Newfoundland and Labrador will dramatically increase spending to encourage residents of some isolated communities to move to larger towns.
Finance Minister Jerome Kennedy said government will offer as much as $270,000 for each household to relocate, nearly triple the current limit of $100,000.
The government, though, expects to spend nothing on the new program in the coming fiscal year, as the new program is rolled out and explained to residents of prospective communities.
Municipal Affairs Minister Kevin O’Brien said there are no active applications for such assistance, and that any request would take a while to handle.
"That process takes at least a year, a year and a half to complete," O’Brien told reporters. Kennedy said the government will step in to "help communities that may be unsustainable," but only if the residents themselves make the first move.
"For $100,000, for someone to move from an isolated community, it wasn’t enough to buy a home when they would relocate," Kennedy told reporters Tuesday.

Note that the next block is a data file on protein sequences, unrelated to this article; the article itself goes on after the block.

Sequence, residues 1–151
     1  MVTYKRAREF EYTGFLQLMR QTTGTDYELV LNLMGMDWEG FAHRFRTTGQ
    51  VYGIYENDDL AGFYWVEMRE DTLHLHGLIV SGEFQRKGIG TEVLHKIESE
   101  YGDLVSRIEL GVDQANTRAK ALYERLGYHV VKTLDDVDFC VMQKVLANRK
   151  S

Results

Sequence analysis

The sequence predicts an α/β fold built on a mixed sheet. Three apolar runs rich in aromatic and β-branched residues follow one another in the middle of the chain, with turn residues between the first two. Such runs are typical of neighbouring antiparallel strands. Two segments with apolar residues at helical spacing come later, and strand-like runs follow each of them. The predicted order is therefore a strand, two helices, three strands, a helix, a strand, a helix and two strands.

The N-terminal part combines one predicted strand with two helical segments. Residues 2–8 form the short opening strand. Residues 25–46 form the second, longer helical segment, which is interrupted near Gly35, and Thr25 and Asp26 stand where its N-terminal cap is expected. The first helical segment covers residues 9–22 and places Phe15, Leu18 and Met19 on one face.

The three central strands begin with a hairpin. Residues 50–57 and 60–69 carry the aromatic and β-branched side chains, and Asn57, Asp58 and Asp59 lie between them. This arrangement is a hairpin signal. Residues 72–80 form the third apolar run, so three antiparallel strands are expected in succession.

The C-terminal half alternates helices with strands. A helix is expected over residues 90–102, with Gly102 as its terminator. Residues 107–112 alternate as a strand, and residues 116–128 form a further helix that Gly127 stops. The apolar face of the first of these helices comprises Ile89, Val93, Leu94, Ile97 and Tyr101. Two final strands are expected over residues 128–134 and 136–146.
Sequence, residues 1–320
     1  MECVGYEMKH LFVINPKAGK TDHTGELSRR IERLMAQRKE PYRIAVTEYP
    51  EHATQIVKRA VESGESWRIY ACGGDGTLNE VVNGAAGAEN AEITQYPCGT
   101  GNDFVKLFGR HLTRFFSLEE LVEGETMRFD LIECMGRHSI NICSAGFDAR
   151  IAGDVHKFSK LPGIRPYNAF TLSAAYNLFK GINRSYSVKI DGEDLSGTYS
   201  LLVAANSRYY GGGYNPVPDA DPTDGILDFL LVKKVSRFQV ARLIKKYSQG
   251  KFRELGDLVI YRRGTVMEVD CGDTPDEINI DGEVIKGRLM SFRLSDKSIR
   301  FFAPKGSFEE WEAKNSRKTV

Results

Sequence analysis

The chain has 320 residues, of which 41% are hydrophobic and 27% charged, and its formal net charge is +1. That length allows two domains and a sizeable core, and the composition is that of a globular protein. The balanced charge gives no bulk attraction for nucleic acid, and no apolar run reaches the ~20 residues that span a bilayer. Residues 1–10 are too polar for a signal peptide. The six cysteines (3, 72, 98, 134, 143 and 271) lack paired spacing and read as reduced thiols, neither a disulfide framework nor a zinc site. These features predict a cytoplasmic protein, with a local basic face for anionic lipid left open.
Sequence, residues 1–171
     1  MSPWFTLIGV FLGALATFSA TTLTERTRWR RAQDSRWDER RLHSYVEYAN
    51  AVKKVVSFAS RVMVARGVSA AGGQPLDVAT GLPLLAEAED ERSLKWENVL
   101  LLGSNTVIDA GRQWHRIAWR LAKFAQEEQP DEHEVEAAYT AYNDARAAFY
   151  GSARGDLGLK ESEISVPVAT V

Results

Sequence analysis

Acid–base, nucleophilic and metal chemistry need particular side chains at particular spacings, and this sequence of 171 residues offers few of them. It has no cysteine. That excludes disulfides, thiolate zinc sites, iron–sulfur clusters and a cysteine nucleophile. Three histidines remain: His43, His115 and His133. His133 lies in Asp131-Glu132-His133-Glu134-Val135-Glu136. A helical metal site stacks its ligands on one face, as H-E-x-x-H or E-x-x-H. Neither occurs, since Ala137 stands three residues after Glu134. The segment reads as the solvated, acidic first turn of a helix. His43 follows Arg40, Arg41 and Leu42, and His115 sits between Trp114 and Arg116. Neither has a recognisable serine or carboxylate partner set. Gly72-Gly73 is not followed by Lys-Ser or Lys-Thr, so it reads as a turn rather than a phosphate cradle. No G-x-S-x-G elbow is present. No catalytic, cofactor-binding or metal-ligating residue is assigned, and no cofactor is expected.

"So the figure has been upped to allow them, if they wish to avail of it, [so] if they want to move from some of these isolated communities, we are willing to assist."
The issue of resettlement has been politically charged in Newfoundland and Labrador for generations, particularly since a government-led program that peaked in the 1950s and 1960s.
Yet the governing Tories have said they have been feeling the strain of providing standards of government services to rural communities, even though the province’s population has been becoming increasingly urban.
Under the new policy, there will not need to be a unanimous decision in a community to relocate. Instead, at least 90 per cent of residents will have to vote in favour of the decision.
Kennedy said the $270,000 ceiling – enough for many families to buy a home in a city or large town – is "a more realistic amount to facilitate a move."